Currency Note

UK retail sales disappoint once more

By Erin Harding February 19th, 2018

retail sales disappoint

It was a tough end to the week for sterling, which struggled against some disappointing retail sales data. The pound had pushed through $1.41 at the start of the day, but when investors learned that retail sales came in much lower than expected, it quickly slid. Overall, on a month-by-month basis, sales grew by 0.1% when 0.5% had been expected. Year-on-year growth was 1.6% but it had been expected to come in at 2.4%.

Curiously, food sales declined but the British public bought plenty of sports equipment – if that isn’t a testament to our tendency to overindulge at Christmas then start the new year afresh then I’m not sure what is. Some fall out from Black Friday still lingered, as shoppers kept their hands in their pockets in December and January after splurging on supposed bargains in November.

Over in the US, import prices increased by more than expected in January, while housing starts were stronger than anticipated. There is continuing evidence that the US housing market is strengthening which is welcome news. Whether this helped the dollar is unclear, but it did climb higher against sterling.

Check out our dates for your diary 2018 infographic that one of our lovely designers has put together. We have the Italian election soon which will be interesting to see – there is talk that the pre-election coalition between Silvio Berlusconi’s centre-right party Forza Italia, the xenophobic Northern League, and the far-right Brothers of Italy has a chance of victory. Let’s hope that chance is not realised. Finally – our next forecasts will soon be upon us once more, but there is still time to get hold of our latest edition. Get them while they’re still lukewarm.

GBP: UK retail sales continue to disappoint

It was hoped that UK retail sales would pick up in January after some disappointing figures in December. However, it wasn’t to be, as shoppers refrained from buying as much as expected. Food sales were down, but sports equipment purchases were up as the British public adhered to their resolutions. At least for now.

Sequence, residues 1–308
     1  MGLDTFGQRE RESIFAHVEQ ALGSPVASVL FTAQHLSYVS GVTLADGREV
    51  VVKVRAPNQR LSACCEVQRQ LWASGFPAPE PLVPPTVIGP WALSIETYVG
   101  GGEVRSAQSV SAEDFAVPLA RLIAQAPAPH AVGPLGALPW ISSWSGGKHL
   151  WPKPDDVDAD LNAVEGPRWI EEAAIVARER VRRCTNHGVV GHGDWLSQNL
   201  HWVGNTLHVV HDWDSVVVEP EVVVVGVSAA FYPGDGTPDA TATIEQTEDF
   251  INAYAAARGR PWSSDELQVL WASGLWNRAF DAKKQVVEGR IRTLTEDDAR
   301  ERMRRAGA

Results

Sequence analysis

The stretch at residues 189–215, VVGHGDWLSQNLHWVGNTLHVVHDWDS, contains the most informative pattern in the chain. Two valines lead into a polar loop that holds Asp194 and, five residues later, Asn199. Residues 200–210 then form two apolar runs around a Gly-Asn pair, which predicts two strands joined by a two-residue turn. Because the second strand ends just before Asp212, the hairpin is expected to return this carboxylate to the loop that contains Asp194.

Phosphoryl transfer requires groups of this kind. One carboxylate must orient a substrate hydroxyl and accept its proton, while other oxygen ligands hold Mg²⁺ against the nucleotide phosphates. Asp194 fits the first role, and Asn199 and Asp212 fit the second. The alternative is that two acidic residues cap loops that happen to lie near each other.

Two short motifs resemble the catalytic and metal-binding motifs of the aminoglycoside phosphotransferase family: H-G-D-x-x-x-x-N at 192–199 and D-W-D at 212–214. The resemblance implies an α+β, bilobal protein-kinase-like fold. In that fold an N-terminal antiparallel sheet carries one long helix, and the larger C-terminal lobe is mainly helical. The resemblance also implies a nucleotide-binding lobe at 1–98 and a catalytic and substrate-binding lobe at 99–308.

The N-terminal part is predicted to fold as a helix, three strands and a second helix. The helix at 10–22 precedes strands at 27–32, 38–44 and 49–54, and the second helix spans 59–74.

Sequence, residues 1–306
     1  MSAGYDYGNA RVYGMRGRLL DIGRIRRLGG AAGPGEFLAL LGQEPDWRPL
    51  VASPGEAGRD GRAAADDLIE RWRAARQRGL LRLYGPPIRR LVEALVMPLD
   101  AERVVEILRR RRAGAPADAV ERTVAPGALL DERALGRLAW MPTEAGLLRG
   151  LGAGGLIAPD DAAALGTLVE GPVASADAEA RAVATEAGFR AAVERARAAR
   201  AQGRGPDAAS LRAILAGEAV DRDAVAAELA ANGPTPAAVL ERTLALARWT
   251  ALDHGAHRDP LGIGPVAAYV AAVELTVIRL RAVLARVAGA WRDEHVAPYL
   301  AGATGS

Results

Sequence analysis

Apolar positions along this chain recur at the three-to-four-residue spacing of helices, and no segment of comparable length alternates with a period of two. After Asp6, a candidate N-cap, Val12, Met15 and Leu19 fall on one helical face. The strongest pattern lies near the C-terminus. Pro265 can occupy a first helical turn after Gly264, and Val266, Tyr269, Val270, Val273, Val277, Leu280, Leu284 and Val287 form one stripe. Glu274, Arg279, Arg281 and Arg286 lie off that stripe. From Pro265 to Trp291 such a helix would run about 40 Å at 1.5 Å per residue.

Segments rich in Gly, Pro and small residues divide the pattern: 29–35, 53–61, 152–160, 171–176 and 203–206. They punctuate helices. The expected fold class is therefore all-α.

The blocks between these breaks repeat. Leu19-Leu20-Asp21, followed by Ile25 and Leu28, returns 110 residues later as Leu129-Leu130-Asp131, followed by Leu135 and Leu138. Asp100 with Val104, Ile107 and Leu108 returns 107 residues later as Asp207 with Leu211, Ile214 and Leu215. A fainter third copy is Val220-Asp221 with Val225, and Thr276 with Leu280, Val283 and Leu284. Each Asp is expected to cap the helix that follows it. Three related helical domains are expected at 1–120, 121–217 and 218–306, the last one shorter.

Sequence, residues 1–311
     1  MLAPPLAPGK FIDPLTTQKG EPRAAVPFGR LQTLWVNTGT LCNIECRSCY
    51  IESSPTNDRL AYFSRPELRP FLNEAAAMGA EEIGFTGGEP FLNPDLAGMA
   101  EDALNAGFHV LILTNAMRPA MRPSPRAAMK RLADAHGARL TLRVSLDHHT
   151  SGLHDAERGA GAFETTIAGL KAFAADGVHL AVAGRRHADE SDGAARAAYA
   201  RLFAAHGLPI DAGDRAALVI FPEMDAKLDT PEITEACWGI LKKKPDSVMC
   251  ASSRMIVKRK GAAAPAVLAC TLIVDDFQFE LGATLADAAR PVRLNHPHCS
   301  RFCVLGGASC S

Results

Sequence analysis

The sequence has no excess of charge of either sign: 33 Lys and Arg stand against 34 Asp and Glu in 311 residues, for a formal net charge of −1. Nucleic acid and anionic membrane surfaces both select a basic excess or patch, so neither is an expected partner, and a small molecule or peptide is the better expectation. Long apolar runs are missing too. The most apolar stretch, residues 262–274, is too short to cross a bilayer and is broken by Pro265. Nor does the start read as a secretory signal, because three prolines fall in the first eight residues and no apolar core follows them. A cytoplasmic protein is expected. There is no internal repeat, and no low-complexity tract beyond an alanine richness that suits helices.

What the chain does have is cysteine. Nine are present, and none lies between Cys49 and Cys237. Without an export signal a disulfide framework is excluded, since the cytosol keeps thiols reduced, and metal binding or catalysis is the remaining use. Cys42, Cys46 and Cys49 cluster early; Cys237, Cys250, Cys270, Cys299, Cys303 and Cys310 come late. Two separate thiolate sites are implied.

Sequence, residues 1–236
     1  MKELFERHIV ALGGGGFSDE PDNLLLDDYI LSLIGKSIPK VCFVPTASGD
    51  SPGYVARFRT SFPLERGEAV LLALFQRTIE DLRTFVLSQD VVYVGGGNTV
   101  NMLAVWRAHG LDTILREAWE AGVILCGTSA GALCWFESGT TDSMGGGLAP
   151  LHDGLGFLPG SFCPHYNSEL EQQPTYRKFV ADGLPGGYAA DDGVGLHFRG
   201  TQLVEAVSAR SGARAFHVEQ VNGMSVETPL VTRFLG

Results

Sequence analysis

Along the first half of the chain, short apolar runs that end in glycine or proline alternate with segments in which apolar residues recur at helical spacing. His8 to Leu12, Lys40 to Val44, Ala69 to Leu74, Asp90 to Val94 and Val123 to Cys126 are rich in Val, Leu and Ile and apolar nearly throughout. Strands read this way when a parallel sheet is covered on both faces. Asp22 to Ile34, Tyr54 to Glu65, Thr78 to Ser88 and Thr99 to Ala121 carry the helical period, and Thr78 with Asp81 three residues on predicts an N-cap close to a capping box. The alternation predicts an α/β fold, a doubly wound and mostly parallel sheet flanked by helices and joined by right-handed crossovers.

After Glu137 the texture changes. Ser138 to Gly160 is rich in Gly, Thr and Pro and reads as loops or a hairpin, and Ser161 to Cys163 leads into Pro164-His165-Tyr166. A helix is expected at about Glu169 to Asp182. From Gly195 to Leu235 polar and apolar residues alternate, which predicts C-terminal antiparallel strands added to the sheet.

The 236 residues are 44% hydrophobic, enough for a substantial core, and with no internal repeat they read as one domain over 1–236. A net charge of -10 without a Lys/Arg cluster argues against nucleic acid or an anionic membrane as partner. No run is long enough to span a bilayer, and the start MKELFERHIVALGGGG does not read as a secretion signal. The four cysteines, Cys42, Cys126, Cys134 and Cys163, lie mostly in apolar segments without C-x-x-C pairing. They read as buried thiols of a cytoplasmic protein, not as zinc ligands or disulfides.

Sterling suffered as a result but it has been holding its own in 2018 to date. There are bound to be good days and bad days, but overall the picture isn’t as bleak as it might be. The question really is how the rest of the year will pan out. Wages are expected to grow and narrow the gap to inflation which should encourage more spending. Strange, how the dominoes stack up.

It is a quiet start to the week, but tomorrow we will see the CBI industrial trends orders for February and tomorrow sees the release of December’s unemployment rate. On Thursday we will see the second estimate for GDP growth in the fourth quarter of 2017. That will give us an indication of how well the economy performed towards the end of last year, but if the retail sales are anything to go by, the picture might not be that rosy.

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EUR: euro has moved sideways against pound in 2018

It was a relatively sedate affair on Friday for the eurozone, so let us take some time to chart the euro’s movements against sterling and the dollar since the turn of the year shall we? Remarkably, if we look at 1 January until the present day, we will see that there is practically no difference between the euro and sterling. Obviously there has been movement in both directions, but ultimately, the range is to tight as to be practically imperceptible over the seven or eight weeks since the turn of the year.

It is a different story against the greenback, as the euro has gained almost five cents this year. That amounts to a significant amount of potential losses if you have no currency risk management strategies in place. It is also worth mentioning that with the European Commission set to meet next month, we could see some volatility between the single currency and pound as we could learn more about future trade relations between the EU and UK.

Today we will see the eurozone’s construction output for December and tomorrow we will see the GfK consumer confidence for March. We will also see the German ZEW economic sentiment for February which is said to be a leading indicator of the German economy. To conclude a busy Tuesday, we will also see the consumer confidence flash reading for February.

USD: import prices rise higher than expected but housing strong

It was a bit of a mixed day for the US on Friday, as we learned that import prices rose higher than expected, while the housing market showed signs of strength. The markets had expected import prices to increase by 0.6%, but the figure was actually 1%. Meanwhile, housing starts in January came in at 1.326 million units against the expected 1.234 million.

The University of Michigan’s consumer sentiment for the US was expected to come in at 95.5 in February from 95.7 in January. However, the actual figure was 99.9 – the second highest reading since 2004.

There are no economic data releases scheduled for today, but on Wednesday we will see existing home sales for January. We will also see a raft of Markit purchasing managers’ index releases. We will see the composite, manufacturing and services PMI for February.

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